The First-Ever Complete Teardown of Google Glass


If you’re not familiar, the Google Glass is Google’s amazing wearable computer/head-mounted display. Today, we are excited to offer the first-ever glimpse inside the Google Glass. But first, the backstory.

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The exploded Google Glass in all its glory (Photos courtesy of Scott Torborg)

Our CEO, Nate Seidle, is friends with a woman by the name of Star Simpson. Star studied EE at MIT and co-founded Canidu, an outfit focused on tech education for kids. Along with longtime friend and fellow hacker collaborator Scott Torborg, she also co-founded the famous Tacocopter (tacos delivered via quadcopter - best idea ever).

Fast-forward to this past weekend, when Star headed out to the SparkFun Autonomous Vehicle Competition to check out some of the robotics action. Nate ran into her and found out that she and Scott were picking up a Google Glass on Sunday. Not only were they getting their hands on this highly-coveted device, but like good hackers, when they get their hands on an expensive piece of hardware, they tear it apart and see what makes it tick. While a “sorta teardown” of the Glass has been done, no one has yet to take it down to circuit boards and chips. This was something SparkFun has wanted to do for quite a while, but getting your hands on a Google Glass is not exactly easy.

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Pre-surgery

So Nate made a proposition - SparkFun would “sponsor” the teardown (pay for the hardware) if we could be the first to feature it. And much to our excitement, they agreed!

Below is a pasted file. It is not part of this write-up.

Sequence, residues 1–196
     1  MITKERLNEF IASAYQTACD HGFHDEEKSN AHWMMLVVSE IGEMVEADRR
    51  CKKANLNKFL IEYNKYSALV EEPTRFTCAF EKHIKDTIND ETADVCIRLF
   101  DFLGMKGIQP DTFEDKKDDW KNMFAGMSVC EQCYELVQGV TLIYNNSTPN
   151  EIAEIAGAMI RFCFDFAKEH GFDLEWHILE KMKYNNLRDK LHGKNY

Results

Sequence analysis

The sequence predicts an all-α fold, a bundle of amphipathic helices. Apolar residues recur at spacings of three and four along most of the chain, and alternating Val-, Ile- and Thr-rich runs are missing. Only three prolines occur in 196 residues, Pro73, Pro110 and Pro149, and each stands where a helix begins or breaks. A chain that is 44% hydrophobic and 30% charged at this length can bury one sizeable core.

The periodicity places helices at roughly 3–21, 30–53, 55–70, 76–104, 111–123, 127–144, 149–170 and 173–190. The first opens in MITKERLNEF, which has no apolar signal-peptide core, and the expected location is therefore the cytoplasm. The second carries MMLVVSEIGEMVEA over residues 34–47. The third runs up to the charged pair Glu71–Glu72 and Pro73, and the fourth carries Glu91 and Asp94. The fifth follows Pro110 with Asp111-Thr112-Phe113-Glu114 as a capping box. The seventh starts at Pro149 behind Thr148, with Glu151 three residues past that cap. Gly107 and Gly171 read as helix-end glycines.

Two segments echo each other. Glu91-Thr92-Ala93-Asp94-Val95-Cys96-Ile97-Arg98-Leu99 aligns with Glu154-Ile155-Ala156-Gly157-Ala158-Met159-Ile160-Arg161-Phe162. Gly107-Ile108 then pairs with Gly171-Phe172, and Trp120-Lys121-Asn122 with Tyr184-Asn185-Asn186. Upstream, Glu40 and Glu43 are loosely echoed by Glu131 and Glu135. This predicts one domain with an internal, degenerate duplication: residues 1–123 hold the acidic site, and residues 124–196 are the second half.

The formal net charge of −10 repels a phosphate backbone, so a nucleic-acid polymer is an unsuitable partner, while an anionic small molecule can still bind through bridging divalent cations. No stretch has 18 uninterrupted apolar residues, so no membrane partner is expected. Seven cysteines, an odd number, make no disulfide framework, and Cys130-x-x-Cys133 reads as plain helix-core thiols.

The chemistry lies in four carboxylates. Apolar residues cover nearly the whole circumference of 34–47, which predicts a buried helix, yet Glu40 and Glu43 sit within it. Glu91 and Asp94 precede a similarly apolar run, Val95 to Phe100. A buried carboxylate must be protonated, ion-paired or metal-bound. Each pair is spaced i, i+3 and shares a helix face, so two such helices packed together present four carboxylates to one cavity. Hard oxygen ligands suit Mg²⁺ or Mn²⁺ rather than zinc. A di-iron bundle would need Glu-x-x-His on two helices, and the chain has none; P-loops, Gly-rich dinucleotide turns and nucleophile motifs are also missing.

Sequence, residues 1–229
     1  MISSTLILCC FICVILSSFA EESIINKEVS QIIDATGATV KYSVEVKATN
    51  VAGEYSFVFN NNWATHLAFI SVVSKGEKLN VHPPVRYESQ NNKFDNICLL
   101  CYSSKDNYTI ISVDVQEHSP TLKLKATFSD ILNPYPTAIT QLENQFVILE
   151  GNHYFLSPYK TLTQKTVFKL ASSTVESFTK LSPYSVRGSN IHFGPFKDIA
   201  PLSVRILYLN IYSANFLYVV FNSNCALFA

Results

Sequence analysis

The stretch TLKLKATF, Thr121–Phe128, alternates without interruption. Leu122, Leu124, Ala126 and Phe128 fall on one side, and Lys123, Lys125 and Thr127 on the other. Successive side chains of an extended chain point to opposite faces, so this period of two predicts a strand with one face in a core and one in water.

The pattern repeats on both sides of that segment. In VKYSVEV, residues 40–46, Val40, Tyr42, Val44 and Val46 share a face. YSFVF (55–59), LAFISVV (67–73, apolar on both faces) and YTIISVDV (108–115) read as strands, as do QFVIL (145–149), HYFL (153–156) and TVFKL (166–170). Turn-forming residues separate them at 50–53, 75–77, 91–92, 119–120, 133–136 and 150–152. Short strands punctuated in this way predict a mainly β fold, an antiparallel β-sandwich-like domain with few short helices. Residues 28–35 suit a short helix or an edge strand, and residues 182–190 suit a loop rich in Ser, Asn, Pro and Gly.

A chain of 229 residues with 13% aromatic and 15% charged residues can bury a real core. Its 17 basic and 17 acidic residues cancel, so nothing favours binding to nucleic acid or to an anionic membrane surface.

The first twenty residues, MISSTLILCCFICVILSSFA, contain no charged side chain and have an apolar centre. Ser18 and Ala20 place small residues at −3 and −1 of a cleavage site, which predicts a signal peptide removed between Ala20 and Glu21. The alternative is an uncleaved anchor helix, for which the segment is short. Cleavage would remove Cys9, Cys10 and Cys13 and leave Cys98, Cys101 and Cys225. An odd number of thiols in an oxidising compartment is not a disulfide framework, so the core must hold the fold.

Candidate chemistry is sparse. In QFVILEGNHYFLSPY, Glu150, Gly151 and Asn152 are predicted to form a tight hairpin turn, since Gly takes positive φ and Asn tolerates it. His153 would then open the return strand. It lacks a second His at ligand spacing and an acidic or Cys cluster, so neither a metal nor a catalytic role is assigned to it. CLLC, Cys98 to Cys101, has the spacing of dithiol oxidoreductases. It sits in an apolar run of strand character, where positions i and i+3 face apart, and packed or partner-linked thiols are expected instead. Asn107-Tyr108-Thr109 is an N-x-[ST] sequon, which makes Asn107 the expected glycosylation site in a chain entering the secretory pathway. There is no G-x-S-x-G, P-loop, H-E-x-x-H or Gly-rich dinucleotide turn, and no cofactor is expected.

So Star and Scott picked up the Glass on Sunday afternoon and quickly got to tearing it down.

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Removing the main board

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“It’s surprisingly simple.”

We believe it’s only fair that they get the glory for this - afterall they’re the ones who got the Glass and did the teardown. So check out this website for the full teardown of the Google Glass. It’s absolutely amazing!

Thank you, Star and Scott, for letting SparkFun be a part of this awesome adventure!


Comments 21 comments

  • Thank you Star and Scott for tearing apart something so coveted! Tear downs like this help feed our constant curiosity of how things work.

  • Awesome teardown. I wanted to see what else was on the website, so I modified the url to point to http://www.catwig.com/. Was not disappointed.

  • 640x360 ?? Holy cow, my (very) pre-Glass wearable hack has better resolution. I’m suddenly tempted to rejuvenate that project, lol.

    EDIT: Don’t get me wrong, that’s still pretty great considering their display is slightly less obstructive. The interface seems really nice as well. I’m psyched about what Google is doing to bring wearable and ubiquitous computing to fruition. It’s just encouraging to see that they weren’t able to totally spank my long labor of love in screen resolution. I wonder if it’s a Kopin display or if it’s custom by someone else?

    • If SF sold a microdisplay like this, I would wreck my monitor trying to pay you.

      • We never could because every time a shipment came in I’d order them all.

        I’ve literally been lobbying for micro-displays since my job application. I think the margin will either be really thin or it will be a really expensive part. I will admit, though, my experience in tearing down cheapo “myvu” sets for displays has me thinking someone in China must have a connection.